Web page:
The intention of the inner critic is pure, it exists in order to prevent us from failing but if not dealt with correctly the critic serves another purpose which is to maintain our perception of our place within the world. Each of us has a perception of the world and our role within it. This perception is formed through our beliefs, our experiences, our values, our family and friends as well as the environment we occupy. This forms a series of self images. These self images is our minds perception of our worth in a particular situation. The number of self images are as numerous as the situations we find ourselves in life. We have a self image for our job or our role as a partner in a relationship among many other self images. Our inner critic uses these self images as the basis for all inner dialogue. These self images are perceived as safe zones so any imagined behaviour that takes us beyond a current level of one of these self images is perceived as a risk so the inner critic starts to become more vocal in order to avoid this perceived danger. By way of example you may be doing well in a position at work and an opportunity arises for promotion yet if your self image is of you in your current position and you believe that's your worth then the idea of promotion challenges that self image so your internal self defence mechanism clicks in and doubts start to arise whether you can deal with the promotion. If not handled correctly the talk turns into subtle self destructive behaviour and you fail to get the promotion. Your inner critic believes they have saved you from failure yet in reality they have caused the failure to occur.
Working with your inner critic
The key is to realise that you are different to your thoughts. It's you and no one else that determines the kind of life that you live and what you achieve in this world. Too often people accept their inner dialogue as the prominent voice in making decisions. Never forget that your inner critic exists in order to protect you from risk. Yet whether it's starting a new job or walking over to talk to a person you never met before at a party, nothing worth having in life is gained without taking risks. You have to decide what life you want to live. If you want a safe life and you are happy with being average, that's fine. Listen to your inner critic and you will be guided to this kind of life but if you are the type of person who wants to achieve everything you possibly can, then treat your inner critic as a positive force rather than like a nervous friend who is always looking out for you. Its time to convince this friend of yours that you deserve more in life and the self image of you is wrong. There are many techniques that I use as part of my coaching to help improve the mental performance for my clients but if you want to know which is the most effective tool, it is simply to act. If self doubt exits you need to take more action, work harder and work differently to achieve your goal. You will be surprised that the more action you take the quieter your inner critic is.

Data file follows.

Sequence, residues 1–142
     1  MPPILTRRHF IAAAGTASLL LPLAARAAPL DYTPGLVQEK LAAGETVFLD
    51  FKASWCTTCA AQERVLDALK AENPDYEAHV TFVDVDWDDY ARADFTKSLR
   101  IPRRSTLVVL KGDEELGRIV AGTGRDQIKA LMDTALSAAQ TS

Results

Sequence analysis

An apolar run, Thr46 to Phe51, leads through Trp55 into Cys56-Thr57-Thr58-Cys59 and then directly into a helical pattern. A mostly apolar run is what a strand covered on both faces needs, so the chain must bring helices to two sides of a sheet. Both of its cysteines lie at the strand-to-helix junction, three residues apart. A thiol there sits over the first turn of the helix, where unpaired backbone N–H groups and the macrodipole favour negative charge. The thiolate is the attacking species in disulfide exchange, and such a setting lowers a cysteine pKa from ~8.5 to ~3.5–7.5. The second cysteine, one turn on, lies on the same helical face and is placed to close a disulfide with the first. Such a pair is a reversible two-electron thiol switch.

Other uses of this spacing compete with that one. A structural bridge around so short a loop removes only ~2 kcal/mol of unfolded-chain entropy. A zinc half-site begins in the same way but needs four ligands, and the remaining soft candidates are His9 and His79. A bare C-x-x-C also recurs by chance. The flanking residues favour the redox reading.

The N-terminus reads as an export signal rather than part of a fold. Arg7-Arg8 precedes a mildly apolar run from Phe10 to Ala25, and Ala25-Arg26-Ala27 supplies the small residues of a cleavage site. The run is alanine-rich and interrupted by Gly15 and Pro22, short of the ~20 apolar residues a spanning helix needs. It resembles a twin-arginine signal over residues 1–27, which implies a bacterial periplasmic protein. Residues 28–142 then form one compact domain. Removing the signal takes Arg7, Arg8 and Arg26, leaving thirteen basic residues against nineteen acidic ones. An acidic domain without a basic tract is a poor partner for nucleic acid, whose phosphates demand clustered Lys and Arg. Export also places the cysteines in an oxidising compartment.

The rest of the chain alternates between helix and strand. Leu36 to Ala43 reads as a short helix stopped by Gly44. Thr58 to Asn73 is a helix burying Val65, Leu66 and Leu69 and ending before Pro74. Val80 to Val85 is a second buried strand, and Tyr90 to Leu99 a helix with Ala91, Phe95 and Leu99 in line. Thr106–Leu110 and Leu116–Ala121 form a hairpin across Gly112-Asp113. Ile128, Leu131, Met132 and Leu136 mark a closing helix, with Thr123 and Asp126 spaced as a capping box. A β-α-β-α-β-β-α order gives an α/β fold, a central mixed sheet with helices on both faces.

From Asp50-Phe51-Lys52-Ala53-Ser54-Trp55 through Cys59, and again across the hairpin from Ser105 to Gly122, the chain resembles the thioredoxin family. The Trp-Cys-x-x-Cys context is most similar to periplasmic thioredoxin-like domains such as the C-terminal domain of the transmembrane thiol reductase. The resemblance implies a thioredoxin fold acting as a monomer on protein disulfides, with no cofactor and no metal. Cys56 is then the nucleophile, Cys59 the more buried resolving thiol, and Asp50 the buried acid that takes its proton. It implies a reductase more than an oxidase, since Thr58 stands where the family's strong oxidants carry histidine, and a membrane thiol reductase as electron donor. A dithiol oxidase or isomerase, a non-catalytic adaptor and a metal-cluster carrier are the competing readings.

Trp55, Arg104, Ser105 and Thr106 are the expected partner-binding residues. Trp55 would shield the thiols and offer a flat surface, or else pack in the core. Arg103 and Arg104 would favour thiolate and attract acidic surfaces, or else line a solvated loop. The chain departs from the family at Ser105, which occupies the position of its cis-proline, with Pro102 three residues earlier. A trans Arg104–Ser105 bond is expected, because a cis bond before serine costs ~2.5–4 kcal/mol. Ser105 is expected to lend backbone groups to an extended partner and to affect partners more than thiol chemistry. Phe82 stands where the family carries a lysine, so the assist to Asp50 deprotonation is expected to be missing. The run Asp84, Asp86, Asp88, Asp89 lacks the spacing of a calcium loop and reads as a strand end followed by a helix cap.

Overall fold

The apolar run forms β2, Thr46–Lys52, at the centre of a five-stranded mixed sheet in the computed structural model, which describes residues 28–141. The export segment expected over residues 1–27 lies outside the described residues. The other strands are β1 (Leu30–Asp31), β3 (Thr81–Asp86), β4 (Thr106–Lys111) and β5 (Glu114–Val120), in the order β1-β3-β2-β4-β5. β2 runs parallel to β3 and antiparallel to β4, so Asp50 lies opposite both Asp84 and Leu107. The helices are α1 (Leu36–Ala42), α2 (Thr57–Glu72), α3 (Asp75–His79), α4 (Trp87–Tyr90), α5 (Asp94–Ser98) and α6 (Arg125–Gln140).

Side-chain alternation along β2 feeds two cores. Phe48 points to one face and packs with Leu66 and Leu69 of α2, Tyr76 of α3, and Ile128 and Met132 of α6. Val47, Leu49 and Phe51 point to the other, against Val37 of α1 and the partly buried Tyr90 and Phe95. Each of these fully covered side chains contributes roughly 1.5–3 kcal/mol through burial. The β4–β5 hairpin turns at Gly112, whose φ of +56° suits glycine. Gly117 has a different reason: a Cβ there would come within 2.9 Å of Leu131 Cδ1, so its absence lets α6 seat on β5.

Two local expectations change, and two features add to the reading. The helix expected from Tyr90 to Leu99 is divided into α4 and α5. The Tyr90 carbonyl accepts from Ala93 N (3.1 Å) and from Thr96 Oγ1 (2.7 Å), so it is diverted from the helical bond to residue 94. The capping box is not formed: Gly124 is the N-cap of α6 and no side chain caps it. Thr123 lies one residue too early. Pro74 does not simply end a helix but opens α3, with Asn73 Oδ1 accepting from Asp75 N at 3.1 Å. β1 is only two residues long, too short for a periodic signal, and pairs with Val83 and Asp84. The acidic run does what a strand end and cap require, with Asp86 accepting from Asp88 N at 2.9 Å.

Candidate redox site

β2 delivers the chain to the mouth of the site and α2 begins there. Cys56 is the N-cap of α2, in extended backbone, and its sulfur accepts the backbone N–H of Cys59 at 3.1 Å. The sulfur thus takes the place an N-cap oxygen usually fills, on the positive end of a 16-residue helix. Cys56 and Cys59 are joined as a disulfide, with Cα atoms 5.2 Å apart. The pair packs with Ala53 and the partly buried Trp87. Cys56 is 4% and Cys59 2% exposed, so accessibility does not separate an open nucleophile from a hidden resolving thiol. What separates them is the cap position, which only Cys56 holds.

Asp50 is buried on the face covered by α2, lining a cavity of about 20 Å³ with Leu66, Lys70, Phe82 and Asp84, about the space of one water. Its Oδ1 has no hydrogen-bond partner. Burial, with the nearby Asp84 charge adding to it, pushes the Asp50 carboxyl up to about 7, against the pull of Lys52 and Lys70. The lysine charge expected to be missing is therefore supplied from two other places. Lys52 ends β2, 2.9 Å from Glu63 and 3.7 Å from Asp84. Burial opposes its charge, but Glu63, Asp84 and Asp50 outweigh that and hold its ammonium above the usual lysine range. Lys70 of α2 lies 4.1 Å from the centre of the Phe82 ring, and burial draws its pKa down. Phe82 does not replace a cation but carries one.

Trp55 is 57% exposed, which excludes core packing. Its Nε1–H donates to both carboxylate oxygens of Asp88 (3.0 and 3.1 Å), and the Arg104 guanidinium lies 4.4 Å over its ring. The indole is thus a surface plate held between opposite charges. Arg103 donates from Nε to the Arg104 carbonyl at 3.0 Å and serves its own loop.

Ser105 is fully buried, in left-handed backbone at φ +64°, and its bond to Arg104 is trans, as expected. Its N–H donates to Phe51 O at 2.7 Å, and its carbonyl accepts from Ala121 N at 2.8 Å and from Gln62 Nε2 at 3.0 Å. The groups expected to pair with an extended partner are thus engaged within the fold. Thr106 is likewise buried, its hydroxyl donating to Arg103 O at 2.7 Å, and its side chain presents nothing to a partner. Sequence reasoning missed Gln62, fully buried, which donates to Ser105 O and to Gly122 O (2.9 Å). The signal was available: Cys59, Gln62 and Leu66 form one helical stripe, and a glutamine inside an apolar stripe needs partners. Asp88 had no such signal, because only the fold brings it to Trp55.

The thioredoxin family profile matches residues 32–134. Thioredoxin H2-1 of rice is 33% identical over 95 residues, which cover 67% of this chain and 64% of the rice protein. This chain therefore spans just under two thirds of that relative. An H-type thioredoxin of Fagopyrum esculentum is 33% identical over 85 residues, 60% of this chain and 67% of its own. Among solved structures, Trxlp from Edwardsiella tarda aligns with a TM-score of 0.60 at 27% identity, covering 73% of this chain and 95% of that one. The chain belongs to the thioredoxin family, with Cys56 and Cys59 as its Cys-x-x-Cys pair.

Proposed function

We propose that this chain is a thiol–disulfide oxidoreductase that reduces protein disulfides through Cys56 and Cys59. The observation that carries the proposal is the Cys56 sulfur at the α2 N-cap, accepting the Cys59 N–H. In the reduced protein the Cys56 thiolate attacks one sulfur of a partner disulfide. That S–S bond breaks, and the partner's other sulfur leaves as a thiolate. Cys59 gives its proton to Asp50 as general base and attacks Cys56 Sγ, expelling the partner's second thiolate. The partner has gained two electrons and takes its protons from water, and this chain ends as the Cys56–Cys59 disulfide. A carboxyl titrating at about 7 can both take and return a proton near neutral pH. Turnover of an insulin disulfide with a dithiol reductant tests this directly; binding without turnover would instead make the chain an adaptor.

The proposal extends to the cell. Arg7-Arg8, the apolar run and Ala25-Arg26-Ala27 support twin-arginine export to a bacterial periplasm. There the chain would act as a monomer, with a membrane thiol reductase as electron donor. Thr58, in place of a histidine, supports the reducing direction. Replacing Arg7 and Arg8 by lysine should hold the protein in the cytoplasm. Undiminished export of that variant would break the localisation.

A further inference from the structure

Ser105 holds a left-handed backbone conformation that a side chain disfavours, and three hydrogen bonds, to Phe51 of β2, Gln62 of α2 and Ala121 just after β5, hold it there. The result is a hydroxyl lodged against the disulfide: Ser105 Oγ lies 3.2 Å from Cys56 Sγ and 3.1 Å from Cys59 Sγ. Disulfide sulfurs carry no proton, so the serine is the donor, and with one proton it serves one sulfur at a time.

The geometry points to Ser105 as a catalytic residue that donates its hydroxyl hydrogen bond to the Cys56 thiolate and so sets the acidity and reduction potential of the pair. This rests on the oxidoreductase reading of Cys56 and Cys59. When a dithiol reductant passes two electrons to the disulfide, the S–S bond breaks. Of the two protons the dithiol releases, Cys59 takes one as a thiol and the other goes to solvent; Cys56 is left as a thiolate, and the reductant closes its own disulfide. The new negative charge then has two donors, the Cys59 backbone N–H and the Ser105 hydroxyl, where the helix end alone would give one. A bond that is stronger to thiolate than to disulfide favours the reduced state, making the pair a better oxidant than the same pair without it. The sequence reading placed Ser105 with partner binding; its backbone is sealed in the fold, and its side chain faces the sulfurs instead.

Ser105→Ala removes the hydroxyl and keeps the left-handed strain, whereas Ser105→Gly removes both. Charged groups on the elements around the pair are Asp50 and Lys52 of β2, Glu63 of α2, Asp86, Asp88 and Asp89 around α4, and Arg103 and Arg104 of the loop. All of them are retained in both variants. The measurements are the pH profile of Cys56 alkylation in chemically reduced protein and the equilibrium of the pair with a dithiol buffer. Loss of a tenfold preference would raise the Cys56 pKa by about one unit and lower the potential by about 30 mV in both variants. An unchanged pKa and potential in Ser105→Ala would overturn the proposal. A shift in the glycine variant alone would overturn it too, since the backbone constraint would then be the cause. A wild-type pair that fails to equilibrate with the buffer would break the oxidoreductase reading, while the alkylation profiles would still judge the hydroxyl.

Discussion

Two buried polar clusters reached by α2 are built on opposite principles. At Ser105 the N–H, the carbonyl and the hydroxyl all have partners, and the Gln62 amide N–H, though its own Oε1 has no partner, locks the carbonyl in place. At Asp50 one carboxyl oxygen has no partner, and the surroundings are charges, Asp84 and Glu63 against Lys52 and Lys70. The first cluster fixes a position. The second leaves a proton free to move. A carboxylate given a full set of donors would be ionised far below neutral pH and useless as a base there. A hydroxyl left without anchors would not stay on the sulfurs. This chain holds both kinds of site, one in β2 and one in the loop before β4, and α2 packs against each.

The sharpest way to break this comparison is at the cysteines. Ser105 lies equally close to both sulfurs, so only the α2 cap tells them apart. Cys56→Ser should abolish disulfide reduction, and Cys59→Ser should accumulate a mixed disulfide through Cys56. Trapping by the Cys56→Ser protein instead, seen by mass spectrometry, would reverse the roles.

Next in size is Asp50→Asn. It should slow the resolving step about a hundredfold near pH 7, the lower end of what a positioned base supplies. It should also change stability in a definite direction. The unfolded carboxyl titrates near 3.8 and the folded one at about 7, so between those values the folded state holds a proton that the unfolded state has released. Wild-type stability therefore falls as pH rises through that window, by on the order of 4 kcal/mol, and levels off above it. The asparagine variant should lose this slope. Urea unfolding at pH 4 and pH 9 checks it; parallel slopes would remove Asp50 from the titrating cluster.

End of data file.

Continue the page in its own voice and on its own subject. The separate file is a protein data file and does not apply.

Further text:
"Doubt is only removed by action, if your not working then that's where doubt comes in" Conor McGregor UFC Featherweight Champion
If you are interested in discussing this topic in more detail then I'm co-hosting the Lead With Giants TweetChat on Twitter. This will be on Monday 11th January at 7:00pm ET. For more information check out the Lead With Giants website or look for the hashtag #LeadWithGiants on Twitter.
About the Author:
Mark Wager is a Leadership Coach who specialises in delivering leadership development programmes in New Zealand, Australia and the Pacific Islands. You con contact Mark via Twitter or the enquiry form below.
Image courtesy of nattavut at FreeDigitalPhotos.net
Posted: Wednesday 6 January 2016